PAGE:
Abigail Kaminski, Research Associate, Clark University

Vernal pools are important landscape features (see our posts about their importance here and here. Decisions that lead to the preservation of vernal pools and the lands that surround them are made at an individual level (landowners make decisions about what to do with their property), and on a town level (towns implement policies and management strategies that regulate development and land use). We’re interested in protecting these unique and important features in a way that takes into account the diverse and interacting factors that help define towns across Maine.

We have been working on grouping towns in Maine by a number of characteristics that may influence the management and conservation of vernal pools. By grouping towns that share similar characteristics, we can test how different policy approaches may work in different types of towns in Maine.

We start the grouping process by asking questions about the land cover and layout of the towns. For example: Is the town wooded? Are there many roads? Is there a compact town center or more scattered development? All of these factors can help influence where vernal pools are located, the amount and type of land that can be protected, and the decisions that individuals and towns make about their vernal pools.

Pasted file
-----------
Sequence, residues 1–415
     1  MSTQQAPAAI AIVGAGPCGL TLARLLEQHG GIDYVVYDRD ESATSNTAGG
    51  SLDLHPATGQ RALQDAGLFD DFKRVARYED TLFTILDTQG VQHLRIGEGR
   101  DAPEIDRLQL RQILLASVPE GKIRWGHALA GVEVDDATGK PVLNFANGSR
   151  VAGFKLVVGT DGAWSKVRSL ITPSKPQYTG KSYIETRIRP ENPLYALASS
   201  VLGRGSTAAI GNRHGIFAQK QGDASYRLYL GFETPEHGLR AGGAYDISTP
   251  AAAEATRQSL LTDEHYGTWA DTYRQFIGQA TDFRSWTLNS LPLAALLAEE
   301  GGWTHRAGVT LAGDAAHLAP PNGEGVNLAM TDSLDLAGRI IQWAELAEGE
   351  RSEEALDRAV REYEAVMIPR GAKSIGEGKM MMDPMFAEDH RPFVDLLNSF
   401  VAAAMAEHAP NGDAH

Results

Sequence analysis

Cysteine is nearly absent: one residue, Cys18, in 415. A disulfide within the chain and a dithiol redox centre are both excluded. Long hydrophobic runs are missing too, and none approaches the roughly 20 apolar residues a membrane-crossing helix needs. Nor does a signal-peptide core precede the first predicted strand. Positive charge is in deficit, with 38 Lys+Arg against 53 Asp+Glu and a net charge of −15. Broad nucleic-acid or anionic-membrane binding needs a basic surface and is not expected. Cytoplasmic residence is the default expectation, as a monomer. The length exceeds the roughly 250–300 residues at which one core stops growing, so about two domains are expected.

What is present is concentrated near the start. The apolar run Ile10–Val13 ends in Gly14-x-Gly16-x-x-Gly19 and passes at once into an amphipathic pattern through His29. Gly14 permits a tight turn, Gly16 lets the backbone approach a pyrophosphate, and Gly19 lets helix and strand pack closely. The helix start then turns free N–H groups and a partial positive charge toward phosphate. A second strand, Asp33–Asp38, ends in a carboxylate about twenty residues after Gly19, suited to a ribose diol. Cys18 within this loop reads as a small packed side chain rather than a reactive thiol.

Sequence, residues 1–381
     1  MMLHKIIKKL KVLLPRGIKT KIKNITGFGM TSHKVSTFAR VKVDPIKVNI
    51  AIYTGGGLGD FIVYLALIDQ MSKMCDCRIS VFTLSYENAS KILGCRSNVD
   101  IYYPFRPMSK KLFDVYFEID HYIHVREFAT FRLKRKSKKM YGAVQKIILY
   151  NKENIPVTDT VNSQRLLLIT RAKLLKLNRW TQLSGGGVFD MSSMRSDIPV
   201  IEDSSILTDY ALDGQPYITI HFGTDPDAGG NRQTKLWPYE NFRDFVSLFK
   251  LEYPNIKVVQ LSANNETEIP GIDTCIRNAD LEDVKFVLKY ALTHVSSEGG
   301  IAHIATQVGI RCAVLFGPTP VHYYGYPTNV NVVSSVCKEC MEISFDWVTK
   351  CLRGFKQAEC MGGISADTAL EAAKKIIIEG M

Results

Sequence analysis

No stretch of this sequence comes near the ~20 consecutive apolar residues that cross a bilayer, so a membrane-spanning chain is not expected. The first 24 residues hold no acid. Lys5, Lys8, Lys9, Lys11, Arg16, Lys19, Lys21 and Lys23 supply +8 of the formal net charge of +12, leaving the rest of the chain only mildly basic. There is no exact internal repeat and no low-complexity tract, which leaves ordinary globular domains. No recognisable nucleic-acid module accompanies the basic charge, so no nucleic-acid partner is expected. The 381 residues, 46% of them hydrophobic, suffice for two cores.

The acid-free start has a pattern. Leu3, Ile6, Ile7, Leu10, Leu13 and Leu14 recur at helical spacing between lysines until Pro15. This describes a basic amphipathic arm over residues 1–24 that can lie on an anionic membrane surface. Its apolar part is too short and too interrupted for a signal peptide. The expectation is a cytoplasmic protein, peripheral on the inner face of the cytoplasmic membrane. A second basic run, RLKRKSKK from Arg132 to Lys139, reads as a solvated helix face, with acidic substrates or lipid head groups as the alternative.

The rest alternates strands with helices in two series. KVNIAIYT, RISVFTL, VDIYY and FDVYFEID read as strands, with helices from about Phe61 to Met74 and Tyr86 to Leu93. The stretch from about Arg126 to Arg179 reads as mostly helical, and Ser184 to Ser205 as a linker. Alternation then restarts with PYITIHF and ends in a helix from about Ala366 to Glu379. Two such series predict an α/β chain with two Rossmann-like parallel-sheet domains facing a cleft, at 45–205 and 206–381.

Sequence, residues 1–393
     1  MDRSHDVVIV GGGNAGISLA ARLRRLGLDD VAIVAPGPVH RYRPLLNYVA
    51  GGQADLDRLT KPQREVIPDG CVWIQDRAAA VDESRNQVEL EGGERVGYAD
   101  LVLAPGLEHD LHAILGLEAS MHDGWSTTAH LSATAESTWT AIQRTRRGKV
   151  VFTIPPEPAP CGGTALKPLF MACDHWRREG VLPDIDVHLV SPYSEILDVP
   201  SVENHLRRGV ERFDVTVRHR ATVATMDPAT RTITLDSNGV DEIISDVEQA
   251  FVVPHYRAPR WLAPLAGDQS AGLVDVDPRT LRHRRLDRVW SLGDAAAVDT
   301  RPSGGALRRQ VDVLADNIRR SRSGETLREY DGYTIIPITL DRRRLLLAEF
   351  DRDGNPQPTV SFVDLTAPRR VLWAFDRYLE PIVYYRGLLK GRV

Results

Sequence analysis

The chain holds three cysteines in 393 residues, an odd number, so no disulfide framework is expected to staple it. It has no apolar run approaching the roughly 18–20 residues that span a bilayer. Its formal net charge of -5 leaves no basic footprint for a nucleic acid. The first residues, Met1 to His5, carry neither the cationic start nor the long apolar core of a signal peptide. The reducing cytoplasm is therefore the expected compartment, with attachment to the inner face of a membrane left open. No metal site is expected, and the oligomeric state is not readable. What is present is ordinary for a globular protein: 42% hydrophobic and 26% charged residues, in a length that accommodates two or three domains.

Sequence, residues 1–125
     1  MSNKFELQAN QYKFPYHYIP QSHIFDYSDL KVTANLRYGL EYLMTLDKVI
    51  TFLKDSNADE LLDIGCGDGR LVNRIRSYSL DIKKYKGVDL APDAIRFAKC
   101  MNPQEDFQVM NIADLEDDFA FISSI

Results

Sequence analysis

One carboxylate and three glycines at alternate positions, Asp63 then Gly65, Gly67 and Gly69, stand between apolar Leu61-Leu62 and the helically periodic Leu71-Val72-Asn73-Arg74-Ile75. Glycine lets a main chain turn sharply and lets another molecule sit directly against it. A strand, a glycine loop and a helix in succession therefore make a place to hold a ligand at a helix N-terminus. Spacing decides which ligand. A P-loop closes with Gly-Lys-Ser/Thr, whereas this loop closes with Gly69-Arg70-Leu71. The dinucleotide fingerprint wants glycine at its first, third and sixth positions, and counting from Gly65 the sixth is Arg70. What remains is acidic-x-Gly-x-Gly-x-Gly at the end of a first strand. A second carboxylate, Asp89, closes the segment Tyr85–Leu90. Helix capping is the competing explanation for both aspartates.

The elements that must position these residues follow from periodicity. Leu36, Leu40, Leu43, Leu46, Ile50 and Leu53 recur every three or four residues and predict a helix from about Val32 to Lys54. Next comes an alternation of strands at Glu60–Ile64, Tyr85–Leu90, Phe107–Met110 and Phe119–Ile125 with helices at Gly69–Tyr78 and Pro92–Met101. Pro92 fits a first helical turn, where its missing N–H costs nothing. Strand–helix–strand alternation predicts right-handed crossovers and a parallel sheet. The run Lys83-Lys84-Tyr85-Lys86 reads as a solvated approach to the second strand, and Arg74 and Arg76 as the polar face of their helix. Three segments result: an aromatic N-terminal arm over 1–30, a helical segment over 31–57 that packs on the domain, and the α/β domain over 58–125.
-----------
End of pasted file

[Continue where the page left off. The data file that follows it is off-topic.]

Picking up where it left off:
Some towns, like Portland, have a lot of impervious surface (built areas like rooftops, roads, and parking lots) with only a few wooded areas.

Other towns, like Fort Fairfield, are made up of mostly agricultural lands, with a clear town center (see the area with a lot of impervious surface near the center of the town). These agricultural towns typically have some, but not a lot of forest and wetland areas.

Still other towns, like Sebec, have isolated pockets of development, and no clear town center. These towns are mostly dominated by large areas forests. The other types of land cover may appear, but with much less frequency.


Ft. Fairfield


These three towns look different, have different patterns of development, and, as a result, the same vernal pool conservation plans that may be inexpensive and effective in one type of town may be prohibitively costly or challenging to implement in another type of town. For example, Portland and other towns with large areas of impervious surface have less land available to conserve, and might have greater pressure for future development than towns with less impervious surface.

Towns in Maine aren’t all the same, and we expect that might impact how vernal pool conservation can be implemented across the state.